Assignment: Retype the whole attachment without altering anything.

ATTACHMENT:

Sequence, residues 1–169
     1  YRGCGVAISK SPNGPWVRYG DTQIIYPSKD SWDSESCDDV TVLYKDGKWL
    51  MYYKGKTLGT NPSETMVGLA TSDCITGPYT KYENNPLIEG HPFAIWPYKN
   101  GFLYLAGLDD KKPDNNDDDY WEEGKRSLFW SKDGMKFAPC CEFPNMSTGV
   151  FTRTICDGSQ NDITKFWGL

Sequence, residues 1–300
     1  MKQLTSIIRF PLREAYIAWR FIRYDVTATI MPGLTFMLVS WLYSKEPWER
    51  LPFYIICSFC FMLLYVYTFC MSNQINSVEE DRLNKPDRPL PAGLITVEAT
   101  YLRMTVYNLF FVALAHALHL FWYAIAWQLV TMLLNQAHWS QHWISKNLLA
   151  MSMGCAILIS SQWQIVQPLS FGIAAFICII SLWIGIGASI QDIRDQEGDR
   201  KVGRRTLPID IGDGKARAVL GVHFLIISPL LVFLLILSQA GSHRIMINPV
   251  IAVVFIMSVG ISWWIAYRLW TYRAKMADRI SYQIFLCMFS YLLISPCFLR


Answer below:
Sequence, residues 1–169
     1  YRGCGVAISK SPNGPWVRYG DTQIIYPSKD SWDSESCDDV TVLYKDGKWL
    51  MYYKGKTLGT NPSETMVGLA TSDCITGPYT KYENNPLIEG HPFAIWPYKN
   101  GFLYLAGLDD KKPDNNDDDY WEEGKRSLFW SKDGMKFAPC CEFPNMSTGV
   151  FTRTICDGSQ NDITKFWGL

Sequence, residues 1–300
     1  MKQLTSIIRF PLREAYIAWR FIRYDVTATI MPGLTFMLVS WLYSKEPWER
    51  LPFYIICSFC FMLLYVYTFC MSNQINSVEE DRLNKPDRPL PAGLITVEAT
   101  YLRMTVYNLF FVALAHALHL FWYAIAWQLV TMLLNQAHWS QHWISKNLLA
   151  MSMGCAILIS SQWQIVQPLS FGIAAFICII SLWIGIGASI QDIRDQEGDR
   201  KVGRRTLPID IGDGKARAVL GVHFLIISPL LVFLLILSQA GSHRIMINPV
   251  IAVVFIMSVG ISWWIAYRLW TYRAKMADRI SYQIFLCMFS YLLISPCFLR